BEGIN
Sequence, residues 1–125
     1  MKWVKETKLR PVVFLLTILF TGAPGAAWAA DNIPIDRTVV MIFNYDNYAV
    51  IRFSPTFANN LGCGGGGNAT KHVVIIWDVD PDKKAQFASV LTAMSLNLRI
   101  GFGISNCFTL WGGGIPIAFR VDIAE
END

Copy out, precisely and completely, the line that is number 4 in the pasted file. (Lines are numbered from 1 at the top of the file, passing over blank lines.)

   101  GFGISNCFTL WGGGIPIAFR VDIAE